Multi-Observable Thermochemical Tomography of the lithosphere and upper mantle

Monday, 14 December 2015: 08:45
307 (Moscone South)
Juan Carlos Afonso1, Yingjie Yang2, Nicholas Rawlinson3, Alan G Jones4, Javier Fullea5 and Mehdi Qashqai2, (1)Macquarie University, ARC Centre of Excellence for Core to Crust Fluid Systems and GEMOC, Sydney, NSW, Australia, (2)Macquarie University, ARC Centre of Excellence for Core to Crust Fluid Systems and GEMOC, Sydney, Australia, (3)Australian National University, Canberra, Australia, (4)Self Employed, Washington, DC, United States, (5)Institute of Geosciences (IGEO) CSIC-UCM, Madrid, Spain
Current knowledge of the present-day physical state and structure of the lithosphere and upper mantle essentially derives from four independent sources: i) gravity field and thermal modelling, ii) modelling/inversion of different seismic datasets, iii) magnetotelluric studies, and iv) thermobarometric and geochemical data from exhumed mantle samples. Unfortunately, the integration of these different sources of information in modern geophysical studies is still uncommon and significant discrepancies and/or inconsistencies in predictions between these sources are still the rule rather than the exception.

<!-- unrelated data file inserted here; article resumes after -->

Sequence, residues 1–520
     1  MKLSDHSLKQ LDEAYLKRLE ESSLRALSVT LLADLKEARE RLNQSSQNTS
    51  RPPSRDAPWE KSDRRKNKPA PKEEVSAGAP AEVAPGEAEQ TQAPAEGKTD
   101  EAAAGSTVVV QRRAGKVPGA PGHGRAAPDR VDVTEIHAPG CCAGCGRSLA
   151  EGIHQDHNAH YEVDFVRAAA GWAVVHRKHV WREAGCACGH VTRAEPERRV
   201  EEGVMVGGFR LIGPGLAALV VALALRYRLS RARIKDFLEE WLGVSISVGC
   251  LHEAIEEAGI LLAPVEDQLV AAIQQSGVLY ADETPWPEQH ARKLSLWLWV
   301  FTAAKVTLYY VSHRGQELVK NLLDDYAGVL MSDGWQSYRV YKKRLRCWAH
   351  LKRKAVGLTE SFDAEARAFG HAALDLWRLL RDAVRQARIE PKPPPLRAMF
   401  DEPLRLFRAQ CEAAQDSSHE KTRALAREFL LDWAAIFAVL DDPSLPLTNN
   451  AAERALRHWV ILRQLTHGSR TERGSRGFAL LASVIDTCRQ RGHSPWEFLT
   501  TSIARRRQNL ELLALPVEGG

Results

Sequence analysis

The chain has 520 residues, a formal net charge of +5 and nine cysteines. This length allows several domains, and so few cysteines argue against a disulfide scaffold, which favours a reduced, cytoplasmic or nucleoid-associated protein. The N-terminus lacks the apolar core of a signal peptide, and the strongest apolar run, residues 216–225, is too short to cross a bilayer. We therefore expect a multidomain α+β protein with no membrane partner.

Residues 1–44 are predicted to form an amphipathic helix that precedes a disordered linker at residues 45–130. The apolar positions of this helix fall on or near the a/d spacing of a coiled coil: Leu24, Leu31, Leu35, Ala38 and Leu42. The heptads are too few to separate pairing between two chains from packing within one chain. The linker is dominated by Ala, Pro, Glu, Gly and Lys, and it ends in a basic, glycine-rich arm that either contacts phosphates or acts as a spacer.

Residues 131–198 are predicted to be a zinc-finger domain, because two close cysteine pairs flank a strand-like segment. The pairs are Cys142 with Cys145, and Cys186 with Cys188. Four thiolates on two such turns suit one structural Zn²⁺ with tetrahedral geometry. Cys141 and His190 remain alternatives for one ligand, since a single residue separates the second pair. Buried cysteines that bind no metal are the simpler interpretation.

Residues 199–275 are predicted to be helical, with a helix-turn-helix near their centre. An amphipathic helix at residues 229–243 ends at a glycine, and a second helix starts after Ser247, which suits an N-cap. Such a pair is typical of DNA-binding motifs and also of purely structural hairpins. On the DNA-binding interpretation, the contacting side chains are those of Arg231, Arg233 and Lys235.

In this contribution we will present a thermodynamically-constrained multi-observable probabilistic inversion method capable of jointly inverting i) surface and body wave datasets, gravity anomalies, geoid height, gravity gradients, receiver functions, surface heat flow, magnetotelluric data, and elevation (static and dynamic) in 3D spherical coordinates. Key aspects of the method are: (a) it combines multiple geophysical observables with different sensitivities to deep/shallow, thermal/compositional anomalies into a single thermodynamic-geophysical framework; (b) it works with thermophysical models of the Earth rather than with parameterized structures of physical parameters (e.g. Vs, Vp, density, etc), (c) it uses a general probabilistic (Bayesian) formulation to appraise the data; (d) no initial model is needed; (e) a priori compositional information relies on robust statistical analyses of a large database of natural mantle samples; (f) it provides a natural platform to estimate realistic uncertainties; (g) it handles multiscale parameterizations and complex physical models, and (h) it includes dynamic (convection) effects on surface observables by solving the complete Stokes flow using multi-dimensional decomposition methods. We will present results for both synthetic and real case studies, which serve to highlight the advantages and limitations of this new approach.